Is there such a thing as good cheap wines? I think so, and they're the best of both worlds in my book. What isn't there to like about inexpensive good wine?
And, who says frugal living has to be without luxury? Not me. I've enjoyed wine for many years, and within reason it can be part of a frugal lifestyle.
For those who are looking for rock bottom prices on wine, I suggest you look to box wine to meet your frugal fermented needs.
If you'd rather stick with a bottle of wine, then stay right here and learn about a few varieties that I think are good cheap wines.
First of all, let's dispense with the idea that wine has to be expensive to be good. That is nonsense! The best wine is the wine you like, not the one that costs more than others.
Here are my suggestions for good inexpensive wine.
I haven't tried many jug wines, but I am familiar with one that I think has good flavor, nice body and is enjoyable by itself or with a hearty meal such as meat, chili or spaghetti. My recommendation among good cheap wines in a jug is Paisano by Carlo Rossi.
This is a good inexpensive wine that is similar to a light Chianti. Nice flavor, smooth and surprisingly good for something that comes in a jug with a screw top.
Bottled Wine at Trader Joes
I am also familiar with "Two Buck Chuck" at Trader Joes. These are good cheap wines in a standard bottle sold under the Charles Shaw label. I have had the Merlot and the Cabernet Savingnon, and they are both very good.
These inexpensive wines are from California and can be found for as little as $2 a bottle. Price varies based on varietal and marketplace. Use the search feature to find the nearest Trader Joes and what they have to offer.
Other Bottled Wines
I have two recommendations for good cheap wines that you can probably find at your local wine and beverage store.
The first is a discovery that I made in Cheyenne. The label is Rex Goliath -- 47 Pound Rooster. Quite a name for a wine, but then I see a lot of odd names on wine bottles these days. I simply refer to it as 47 Pound Rooster. The Merlot and Cabernet Savingnon have very nice flavor and the characteristics you would expect from these varietals.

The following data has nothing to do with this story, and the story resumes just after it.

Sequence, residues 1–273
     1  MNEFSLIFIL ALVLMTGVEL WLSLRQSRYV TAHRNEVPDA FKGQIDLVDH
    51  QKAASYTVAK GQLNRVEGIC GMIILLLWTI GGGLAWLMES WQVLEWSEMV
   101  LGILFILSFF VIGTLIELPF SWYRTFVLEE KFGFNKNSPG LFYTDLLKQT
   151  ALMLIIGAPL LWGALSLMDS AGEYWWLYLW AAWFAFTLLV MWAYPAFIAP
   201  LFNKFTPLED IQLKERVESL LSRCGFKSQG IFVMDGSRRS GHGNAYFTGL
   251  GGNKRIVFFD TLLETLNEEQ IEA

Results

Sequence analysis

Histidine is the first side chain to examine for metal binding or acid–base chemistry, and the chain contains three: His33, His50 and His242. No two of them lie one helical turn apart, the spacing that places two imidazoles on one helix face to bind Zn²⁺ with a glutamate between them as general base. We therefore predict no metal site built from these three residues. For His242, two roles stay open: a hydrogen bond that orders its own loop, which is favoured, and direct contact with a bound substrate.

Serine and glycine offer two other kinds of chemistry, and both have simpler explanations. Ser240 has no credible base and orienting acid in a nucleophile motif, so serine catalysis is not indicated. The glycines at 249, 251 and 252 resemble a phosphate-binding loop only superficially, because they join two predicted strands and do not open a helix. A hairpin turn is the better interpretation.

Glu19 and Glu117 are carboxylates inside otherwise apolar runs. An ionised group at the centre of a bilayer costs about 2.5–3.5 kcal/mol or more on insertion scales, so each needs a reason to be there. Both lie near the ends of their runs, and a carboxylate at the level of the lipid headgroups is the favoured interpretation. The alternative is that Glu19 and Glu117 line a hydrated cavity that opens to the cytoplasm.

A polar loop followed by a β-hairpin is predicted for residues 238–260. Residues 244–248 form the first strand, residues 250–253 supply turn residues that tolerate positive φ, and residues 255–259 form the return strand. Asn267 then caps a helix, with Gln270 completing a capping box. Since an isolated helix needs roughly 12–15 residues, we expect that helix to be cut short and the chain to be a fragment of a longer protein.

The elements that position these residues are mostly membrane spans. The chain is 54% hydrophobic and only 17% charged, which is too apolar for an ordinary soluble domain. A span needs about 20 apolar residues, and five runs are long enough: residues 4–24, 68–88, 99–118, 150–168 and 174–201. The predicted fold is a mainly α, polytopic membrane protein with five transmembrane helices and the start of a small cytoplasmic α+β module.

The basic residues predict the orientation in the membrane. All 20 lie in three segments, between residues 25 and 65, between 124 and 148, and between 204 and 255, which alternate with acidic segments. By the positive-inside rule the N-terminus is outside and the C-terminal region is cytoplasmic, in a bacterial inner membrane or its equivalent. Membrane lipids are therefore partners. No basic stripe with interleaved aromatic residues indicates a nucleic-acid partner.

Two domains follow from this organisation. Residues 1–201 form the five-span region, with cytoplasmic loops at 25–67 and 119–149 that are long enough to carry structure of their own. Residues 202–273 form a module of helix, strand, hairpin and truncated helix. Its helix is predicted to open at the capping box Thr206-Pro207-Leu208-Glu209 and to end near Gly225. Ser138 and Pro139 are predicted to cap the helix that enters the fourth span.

I enjoyed these so much that I brought a couple bottles to a neighborhood party. One of the wine connoisseurs at the table exclaimed: "The Rooster rocks!" I suppose that was a whole hearted endorsement of this good inexpensive wine.
This California wine is in the $6 to $7 range as of 2009, so it isn't dirt cheap, but certainly a great bargain for something that "rocks" in the world of wine.
My second recommendation is the Tisdale label. I have had the Merlot and Cabernet Savingnon (and you're probably seeing a pattern here that reflects my wine preference). These are California wines with good flavor and acceptable characteristics for the varietals.
I wouldn't hesitate to serve this at a meal with friends who also enjoy a good wine. At about $4 a bottle, it ranks right up there as an outstanding value.
If the jug and bottled wine don't sound appealing? Search for other wines that you might enjoy using the search engine below.
Have Some Fun
Here is an idea for the frugal minded wine lover. Throw a cheap wine party where everyone is required to bring wine that costs less than $10 a bottle. Then, have a tasting to see which of the cheap wine people like best.
It's a good way to taste a range of inexpensive wines without having to buy (and drink) a dozen bottles.
You'll probably find that there are good cheap wines for much less than what you might think. What a great feeling to discover inexpensive wines that you really like.
Have an party with a theme of "inexpensive wines", and have yourself a good time - responsibly of course.
So my frugal living friends, there you have it, a number of suggestions about how to enjoy good wine on a budget. Whether you pop the cork or unscrew the top, enjoy the nectar of the vines in good health and good cheer.
There certainly is a broad scope of topics here at Frugal Living Freedom. When you think about it, money permeates so very many activities in our lives, therefore, being frugal encompasses a wide range of interests, from being employed to taking a vacation, and just about everything in between. Enjoy the variety, pick up some new ideas, and start making frugality a part of your signature.
I'm a big proponent of being debt-free, and I mean entirely debt-free - no mortgage payment. It's not essential for financial freedom, but you'll love the feeling once you get there. If you didn't have a rent or mortgage payment, how much more could you do for yourself with your current level of income? I suspect plenty.
If you ever hope to see an abundance of wealth, you need to plug the hole in your boat. The wealthy don't necessarily make lots of money, instead, they know how to hang onto what they make, and make it work for them.